Myriad gears up for melanoma test rollout

For the third time this fall, Utah's Myriad Genetics ($MYGN) is rolling out a new diagnostic product. This time, it's a melanoma skin biopsy test debuting first with a phased U.S. rollout and then in "key European markets" beginning in early 2014.

Myriad previously debuted its myPlan prognostic test in October for patients diagnosed with early-stage lung cancer. In early September, the myRisk Hereditary Cancer test, a diagnostic that screens for 25 different genes linked to breast, colorectal, ovarian, endometrial, pancreatic, prostate, gastric and skin cancers, hit the market. And now there's myPath Melanoma, a new test with an average sticker price of about $1,500; the company's specialty sales force will promote the test to dermatopathologists.

Mark Capone, head of Myriad Genetic Laboratories, said in a statement that myPath is designed to address hard-to-diagnose cases in which "patients and physicians face the difficult question of whether to treat the lesion as melanoma or risk not treating a potentially fatal melanoma."

MyPath reaches the market following a successful study involving 464 skin biopsy samples and a validation study focused on 437 samples. Myriad released details from the first trial in October, and execs plan to release data from the second study at an upcoming medical meeting, Myriad spokesman Ronald Rogers told FierceDiagnostics.

A focus on melonoma is a smart one, considering that existing technology is often inconclusive. Myriad noted that 2 million skin biopsies are performed annually in a bid to diagnose melanoma, with 14% coming back as indeterminate, meaning a conclusive diagnosis either way isn't possible. The company said its verification study generated an accuracy rate of more than 90% in distinguishing between benign skin lesions and malignant melanoma.

Myriad has doubled down on product rollouts in the wake of a historic U.S. Supreme Court decision over the summer that ruled companies could not obtain a patent on human genes but could do so on cDNA, meaning genes tweaked in the lab. The ruling invalidated some Myriad patents but upheld others in a case involving BRCA1 and BRCA2 genes. Myriad's BRACAnalysis test was at the center of the case with its reliance on BRCA1 and BRCA2 genes to measure the risk for hereditary breast and ovarian cancer. A number of rivals launched competing tests in the wake of the decision, and Myriad hit the courts in response, an unsurprising move considering how the test has driven the bulk of Myriad's revenue until now. Myriad is now suing four competitors in the matter: Quest Diagnostics ($DGX), Bioreference Laboratories, Gene By Gene and Ambry Genetics.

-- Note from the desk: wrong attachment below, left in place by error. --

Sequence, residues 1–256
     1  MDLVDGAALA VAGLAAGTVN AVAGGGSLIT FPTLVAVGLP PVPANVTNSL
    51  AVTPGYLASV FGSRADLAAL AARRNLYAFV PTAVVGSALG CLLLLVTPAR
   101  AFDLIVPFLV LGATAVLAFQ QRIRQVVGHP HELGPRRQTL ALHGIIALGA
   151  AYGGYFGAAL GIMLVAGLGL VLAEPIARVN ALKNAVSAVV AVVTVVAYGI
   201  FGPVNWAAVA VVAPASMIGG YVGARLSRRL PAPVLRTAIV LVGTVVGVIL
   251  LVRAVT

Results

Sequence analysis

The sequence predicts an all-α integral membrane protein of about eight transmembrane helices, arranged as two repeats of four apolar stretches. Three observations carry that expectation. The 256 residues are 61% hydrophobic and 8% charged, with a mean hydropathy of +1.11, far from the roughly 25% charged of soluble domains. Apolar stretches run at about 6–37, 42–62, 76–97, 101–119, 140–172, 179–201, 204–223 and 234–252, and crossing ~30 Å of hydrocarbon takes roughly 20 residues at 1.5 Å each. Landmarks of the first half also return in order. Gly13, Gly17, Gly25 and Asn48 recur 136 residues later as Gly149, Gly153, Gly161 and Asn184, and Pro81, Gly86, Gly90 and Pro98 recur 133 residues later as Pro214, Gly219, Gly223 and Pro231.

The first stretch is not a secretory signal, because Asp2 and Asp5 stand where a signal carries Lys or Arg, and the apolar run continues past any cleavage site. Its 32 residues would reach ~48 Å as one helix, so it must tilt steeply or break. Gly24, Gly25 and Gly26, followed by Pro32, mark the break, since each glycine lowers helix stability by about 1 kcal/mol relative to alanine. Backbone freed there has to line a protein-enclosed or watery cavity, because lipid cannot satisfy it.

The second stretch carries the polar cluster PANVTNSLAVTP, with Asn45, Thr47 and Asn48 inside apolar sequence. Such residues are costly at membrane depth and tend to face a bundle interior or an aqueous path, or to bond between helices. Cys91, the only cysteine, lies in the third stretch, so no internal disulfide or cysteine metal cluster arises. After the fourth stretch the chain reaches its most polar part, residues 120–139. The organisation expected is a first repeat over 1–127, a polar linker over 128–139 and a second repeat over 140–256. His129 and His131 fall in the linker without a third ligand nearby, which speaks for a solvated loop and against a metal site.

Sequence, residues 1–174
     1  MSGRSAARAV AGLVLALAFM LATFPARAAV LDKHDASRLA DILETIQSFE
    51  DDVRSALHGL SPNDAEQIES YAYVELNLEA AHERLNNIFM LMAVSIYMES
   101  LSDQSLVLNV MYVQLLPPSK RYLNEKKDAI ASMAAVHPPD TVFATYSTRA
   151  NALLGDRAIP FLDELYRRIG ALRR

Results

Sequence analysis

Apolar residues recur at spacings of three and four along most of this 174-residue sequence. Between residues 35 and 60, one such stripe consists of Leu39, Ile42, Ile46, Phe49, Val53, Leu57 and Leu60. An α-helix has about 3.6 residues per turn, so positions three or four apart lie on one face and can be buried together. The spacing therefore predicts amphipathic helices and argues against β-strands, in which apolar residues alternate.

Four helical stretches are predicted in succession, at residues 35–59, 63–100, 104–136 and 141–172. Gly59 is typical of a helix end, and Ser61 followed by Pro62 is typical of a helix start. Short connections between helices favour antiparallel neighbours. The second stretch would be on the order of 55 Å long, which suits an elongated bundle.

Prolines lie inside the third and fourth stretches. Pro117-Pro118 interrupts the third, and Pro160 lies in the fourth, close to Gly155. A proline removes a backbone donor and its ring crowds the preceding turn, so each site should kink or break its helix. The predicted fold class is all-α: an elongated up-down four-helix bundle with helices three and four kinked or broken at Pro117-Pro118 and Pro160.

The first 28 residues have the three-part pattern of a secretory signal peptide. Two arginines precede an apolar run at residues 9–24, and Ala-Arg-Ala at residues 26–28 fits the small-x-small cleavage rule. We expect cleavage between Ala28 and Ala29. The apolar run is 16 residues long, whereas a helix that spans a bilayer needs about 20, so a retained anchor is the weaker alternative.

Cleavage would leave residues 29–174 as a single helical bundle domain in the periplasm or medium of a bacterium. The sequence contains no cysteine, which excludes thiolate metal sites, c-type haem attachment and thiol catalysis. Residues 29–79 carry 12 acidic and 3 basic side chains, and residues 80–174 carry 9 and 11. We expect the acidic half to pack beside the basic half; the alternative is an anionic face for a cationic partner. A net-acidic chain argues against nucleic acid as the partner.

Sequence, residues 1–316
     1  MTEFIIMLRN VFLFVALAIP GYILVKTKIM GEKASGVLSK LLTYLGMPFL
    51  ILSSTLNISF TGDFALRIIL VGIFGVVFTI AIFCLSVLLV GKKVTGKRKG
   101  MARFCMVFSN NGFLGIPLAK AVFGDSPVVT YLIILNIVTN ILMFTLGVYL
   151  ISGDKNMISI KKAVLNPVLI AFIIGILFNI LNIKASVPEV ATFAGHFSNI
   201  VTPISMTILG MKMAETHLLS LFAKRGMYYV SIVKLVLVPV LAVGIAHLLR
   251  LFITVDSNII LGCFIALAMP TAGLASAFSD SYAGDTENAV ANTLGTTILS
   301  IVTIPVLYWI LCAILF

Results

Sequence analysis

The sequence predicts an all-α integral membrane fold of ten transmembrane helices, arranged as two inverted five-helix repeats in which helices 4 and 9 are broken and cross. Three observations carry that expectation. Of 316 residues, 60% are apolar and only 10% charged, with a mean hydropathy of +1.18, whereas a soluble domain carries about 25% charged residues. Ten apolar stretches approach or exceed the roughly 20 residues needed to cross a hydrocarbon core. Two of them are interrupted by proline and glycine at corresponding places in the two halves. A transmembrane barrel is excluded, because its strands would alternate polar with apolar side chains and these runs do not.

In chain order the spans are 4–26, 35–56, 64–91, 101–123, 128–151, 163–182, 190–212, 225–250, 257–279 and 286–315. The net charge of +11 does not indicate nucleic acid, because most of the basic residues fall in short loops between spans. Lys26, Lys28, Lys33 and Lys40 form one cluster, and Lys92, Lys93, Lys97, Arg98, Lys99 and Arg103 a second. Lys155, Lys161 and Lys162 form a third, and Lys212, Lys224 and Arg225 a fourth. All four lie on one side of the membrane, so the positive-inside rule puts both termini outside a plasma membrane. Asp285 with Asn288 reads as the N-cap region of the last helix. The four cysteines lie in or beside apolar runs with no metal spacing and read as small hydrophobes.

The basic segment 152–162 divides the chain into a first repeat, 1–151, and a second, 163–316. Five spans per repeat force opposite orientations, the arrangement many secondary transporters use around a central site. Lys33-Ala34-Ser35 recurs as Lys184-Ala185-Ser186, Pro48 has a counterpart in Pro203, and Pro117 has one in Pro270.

Legal action aside, new test rollouts have been an important part of Myriad's growth strategy. The company's myPath test for melanoma builds on this.

As Myriad noted, melanoma is most the serious skin cancer, and more than 76,000 melanomas are diagnosed annually. Melanoma also kills 9,000 people each year. In other words, there is room for a more effective diagnostic player in the melanoma space.

- read the release

Suggested Articles

Coronavirus may not require a front-line battle yet in certain places, but it’s still taxing public health officials preparing for a potential crisis.

Cybernet Manufacturing, maker of medical-grade computer monitors, has unveiled a new, large touchscreen designed to protect against infections.

A startup has raised $12 million to fund its real-time system for monitoring patients undergoing dialysis at home and calling in complications.